Copyright | (c) 2008-2011 Dan Doel |
---|---|

Maintainer | Dan Doel <dan.doel@gmail.com> |

Stability | Experimental |

Portability | Non-portable (scoped type variables, bang patterns) |

Safe Haskell | None |

Language | Haskell2010 |

This module provides a radix sort for a subclass of unboxed arrays. The radix class gives information on * the number of passes needed for the data type

- the size of the auxiliary arrays
- how to compute the pass-k radix of a value

Radix sort is not a comparison sort, so it is able to achieve O(n) run time, though it also uses O(n) auxiliary space. In addition, there is a constant space overhead of 2*size*sizeOf(Int) for the sort, so it is not advisable to use this sort for large numbers of very small arrays.

A standard example (upon which one could base their own Radix instance) is Word32:

- We choose to sort on r = 8 bits at a time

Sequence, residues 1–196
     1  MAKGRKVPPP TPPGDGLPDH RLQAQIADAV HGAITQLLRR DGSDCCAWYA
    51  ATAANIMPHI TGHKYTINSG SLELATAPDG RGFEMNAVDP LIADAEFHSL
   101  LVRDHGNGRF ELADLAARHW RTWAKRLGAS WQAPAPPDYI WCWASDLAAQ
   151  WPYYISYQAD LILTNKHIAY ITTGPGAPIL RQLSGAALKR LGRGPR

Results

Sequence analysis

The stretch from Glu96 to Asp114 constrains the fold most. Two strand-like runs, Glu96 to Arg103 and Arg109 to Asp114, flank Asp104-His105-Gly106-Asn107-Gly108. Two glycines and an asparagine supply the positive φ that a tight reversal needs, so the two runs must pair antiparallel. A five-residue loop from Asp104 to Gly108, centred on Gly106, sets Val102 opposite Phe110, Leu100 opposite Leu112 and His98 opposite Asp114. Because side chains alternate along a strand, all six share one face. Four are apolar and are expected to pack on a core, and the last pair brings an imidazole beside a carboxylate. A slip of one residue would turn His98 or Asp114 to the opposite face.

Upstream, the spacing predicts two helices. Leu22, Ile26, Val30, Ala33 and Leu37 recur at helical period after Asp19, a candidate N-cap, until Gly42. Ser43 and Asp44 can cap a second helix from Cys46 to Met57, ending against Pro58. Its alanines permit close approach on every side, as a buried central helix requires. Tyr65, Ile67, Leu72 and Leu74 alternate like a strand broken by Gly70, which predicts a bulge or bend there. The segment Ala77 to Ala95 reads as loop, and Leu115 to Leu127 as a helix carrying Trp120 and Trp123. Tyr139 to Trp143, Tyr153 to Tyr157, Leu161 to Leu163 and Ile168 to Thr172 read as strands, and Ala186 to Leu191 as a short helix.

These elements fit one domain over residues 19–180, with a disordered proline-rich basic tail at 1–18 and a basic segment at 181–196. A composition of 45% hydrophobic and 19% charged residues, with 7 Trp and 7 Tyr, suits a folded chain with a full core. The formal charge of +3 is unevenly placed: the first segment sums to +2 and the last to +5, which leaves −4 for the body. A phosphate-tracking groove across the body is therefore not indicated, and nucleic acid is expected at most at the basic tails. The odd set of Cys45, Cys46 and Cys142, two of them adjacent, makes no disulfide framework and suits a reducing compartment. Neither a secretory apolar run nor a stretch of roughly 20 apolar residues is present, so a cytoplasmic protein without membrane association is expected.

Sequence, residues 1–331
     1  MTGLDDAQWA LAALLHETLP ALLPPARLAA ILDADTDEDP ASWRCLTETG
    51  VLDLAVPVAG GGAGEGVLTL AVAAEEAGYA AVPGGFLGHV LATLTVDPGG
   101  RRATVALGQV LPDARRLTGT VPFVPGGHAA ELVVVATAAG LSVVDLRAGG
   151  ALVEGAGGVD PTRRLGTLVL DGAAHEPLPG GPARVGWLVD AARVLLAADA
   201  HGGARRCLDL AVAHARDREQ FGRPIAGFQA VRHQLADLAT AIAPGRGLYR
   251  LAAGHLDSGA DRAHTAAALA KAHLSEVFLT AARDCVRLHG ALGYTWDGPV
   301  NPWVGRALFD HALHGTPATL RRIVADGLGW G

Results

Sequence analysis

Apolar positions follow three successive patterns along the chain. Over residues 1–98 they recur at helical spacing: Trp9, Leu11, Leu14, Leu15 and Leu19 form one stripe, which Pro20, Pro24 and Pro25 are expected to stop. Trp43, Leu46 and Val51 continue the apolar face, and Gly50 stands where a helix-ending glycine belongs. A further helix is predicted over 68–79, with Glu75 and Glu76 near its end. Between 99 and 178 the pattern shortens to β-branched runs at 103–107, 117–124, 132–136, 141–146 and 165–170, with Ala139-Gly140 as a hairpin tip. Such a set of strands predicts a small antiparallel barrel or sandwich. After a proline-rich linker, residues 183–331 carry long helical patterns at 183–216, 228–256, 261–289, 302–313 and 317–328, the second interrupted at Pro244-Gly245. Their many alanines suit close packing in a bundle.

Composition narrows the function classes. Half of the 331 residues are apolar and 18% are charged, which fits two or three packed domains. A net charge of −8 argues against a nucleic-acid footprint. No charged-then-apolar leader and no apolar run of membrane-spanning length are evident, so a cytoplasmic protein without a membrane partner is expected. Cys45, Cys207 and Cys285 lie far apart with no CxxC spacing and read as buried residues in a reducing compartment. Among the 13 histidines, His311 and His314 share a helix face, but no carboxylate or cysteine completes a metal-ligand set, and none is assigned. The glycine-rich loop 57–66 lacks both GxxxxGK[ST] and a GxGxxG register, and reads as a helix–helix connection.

- A Word32 has b = 32 bits total

Thus, b/r = 4 passes are required, 2^r = 256 elements are needed in an auxiliary array, and the radix function is:

radix k e = (e `shiftR` (k*8)) .&. 255

# Documentation

sort :: forall e m v. (PrimMonad m, MVector v e, Radix e) => v (PrimState m) e -> m () Source #

Sorts an array based on the Radix instance.

:: (PrimMonad m, MVector v e) | |

=> Int | the number of passes |

-> Int | the size of auxiliary arrays |

-> (Int -> e -> Int) | the radix function |

-> v (PrimState m) e | the array to be sorted |

-> m () |

Radix sorts an array using custom radix information requires the number of passes to fully sort the array, the size of of auxiliary arrays necessary (should be one greater than the maximum value returned by the radix function), and a radix function, which takes the pass and an element, and returns the relevant radix.

The number of passes necessary to sort an array of es

The size of an auxiliary array

radix :: Int -> e -> Int Source #

The radix function parameterized by the current pass